Online Word-of-Mouth Reviews

Online Word-of-Mouth Reviews

Jing Huo (University of Science & Technology of China, P.R. China), Qinglong Gou (University of Science & Technology of China, P.R. China), Qi Dai (University of Science & Technology of China, P.R. China) and Zhimin Huang (Adelphi University, USA)
Copyright: © 2014 |Pages: 9
DOI: 10.4018/978-1-4666-5202-6.ch151


Online word-of-mouth (WOM) has received significant research attention as the Internet has rapidly developed. Owing to specific Internet platforms such as consumer reviews sites and social network sites, online WOM spreads much more quickly and widely than traditional WOM, and that phenomenon ultimately makes online WOM play a key role in a consumer's purchase decision. In this chapter we present an overview of previous research on online WOM to facilitate future research in this area. In this review, previous researches are divided into three streams, i.e., (1) the effectiveness of online WOM, (2) the valence of online WOM, and (3) the antecedents and consequences of online WOM. Also, two possible future research directions are suggested at the end the chapter.
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During the past two decades, B2C e-commerce has been developed rapidly and more and more consumers are accustomed to online shopping. In practice, some specific Internet platforms such as consumer review sites, online discussion forums, electronic bulletin board systems, blogs, and social network sites have significant impacts on a consumer’s purchase decision. On these Internet platforms, information about a product such as its price, characteristics, and quality, spreads more quickly and widely. This online word-of-mouth (WOM) appraisal of the product eventually attracts more consumers to be concerned with this information before their purchase decisions.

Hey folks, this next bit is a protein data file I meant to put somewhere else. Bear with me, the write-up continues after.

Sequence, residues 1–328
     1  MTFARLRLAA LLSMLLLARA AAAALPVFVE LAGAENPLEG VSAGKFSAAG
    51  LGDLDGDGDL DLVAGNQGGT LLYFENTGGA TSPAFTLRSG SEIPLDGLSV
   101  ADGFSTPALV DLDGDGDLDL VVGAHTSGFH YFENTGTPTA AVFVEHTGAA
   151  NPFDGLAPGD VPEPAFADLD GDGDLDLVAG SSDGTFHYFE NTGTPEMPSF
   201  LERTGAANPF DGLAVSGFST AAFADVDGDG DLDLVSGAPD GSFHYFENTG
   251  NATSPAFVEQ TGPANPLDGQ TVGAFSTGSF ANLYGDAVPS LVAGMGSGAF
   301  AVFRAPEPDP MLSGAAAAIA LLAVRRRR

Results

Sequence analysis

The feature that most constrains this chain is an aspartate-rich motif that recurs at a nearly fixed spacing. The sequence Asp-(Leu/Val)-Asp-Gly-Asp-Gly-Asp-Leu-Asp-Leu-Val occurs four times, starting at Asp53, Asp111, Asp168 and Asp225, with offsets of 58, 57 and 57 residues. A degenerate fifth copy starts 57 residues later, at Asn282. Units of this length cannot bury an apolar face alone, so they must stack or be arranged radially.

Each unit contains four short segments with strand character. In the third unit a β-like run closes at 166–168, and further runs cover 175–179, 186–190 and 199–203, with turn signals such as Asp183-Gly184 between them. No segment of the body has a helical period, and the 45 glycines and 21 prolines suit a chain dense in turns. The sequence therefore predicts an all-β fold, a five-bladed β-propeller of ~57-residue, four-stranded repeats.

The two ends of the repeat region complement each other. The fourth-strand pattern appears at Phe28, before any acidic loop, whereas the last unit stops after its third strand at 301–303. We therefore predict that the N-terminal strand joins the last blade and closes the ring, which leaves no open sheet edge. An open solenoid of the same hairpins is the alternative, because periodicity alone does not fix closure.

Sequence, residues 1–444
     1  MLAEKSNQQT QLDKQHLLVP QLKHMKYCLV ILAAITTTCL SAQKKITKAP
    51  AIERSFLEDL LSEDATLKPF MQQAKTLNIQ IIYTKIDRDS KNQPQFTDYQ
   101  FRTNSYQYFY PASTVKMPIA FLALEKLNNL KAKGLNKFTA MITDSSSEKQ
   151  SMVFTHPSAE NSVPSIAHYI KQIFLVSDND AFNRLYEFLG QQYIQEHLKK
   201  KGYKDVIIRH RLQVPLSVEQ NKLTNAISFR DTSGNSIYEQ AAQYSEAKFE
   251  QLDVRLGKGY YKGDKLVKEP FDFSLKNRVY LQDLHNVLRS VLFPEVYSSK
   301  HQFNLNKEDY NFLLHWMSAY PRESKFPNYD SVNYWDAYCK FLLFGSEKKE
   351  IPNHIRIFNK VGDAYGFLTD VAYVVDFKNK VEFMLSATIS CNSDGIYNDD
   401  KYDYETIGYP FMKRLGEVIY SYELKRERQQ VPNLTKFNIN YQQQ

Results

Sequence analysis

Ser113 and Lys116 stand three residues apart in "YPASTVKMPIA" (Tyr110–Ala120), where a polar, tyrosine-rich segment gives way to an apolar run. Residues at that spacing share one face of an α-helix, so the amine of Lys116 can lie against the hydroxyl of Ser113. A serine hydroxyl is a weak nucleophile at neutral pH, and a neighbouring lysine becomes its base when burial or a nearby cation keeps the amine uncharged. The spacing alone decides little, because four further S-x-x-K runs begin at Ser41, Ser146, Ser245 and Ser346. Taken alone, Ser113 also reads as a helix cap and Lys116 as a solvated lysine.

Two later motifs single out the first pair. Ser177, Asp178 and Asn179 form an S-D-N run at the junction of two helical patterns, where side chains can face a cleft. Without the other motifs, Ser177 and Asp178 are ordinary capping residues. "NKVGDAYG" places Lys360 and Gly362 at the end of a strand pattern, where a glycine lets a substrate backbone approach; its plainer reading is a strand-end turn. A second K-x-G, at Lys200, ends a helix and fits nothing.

To take advantage of online WOM, many firms have launched different marketing or service programs on Internet platforms mentioned above as a new marketing tool (Dellarocas, 2003). For instance, since 2009, Ford has made heavy use of online social media to build awareness and buzz for their new vehicle by conducting the “Ford Fiesta Movement” campaign. The company engaged with the online community by inviting 100 young people to live with the car for six months and to report on their experiences on a variety of social media, including Twitter, Facebook, MySpace and YouTube. Each of these “agents” completed monthly special missions based on a theme which were designed to be fun experiences. The campaign was a great success in terms of overall marketing cost, creating hype and keeping the vehicle in the eyes of the public.

Owing to its huge influence on consumers and firms, online WOM has also received increasing attention from researchers. For instance, Phelps et al. (2004) and Park and Lee (2009) explained the reasons why online WOM is more influential than traditional WOM; Cheung and Lee (2012) investigated the factors that drive consumers to spread WOM in online consumer opinion platforms; Lee and Lee (2009) analyzed the consequences of online WOM; and Lee et al. (2008) and East et al. (2008) divided the online WOM into positive and negative effects, and explored their influence on consumers’ judgment and purchase behavior.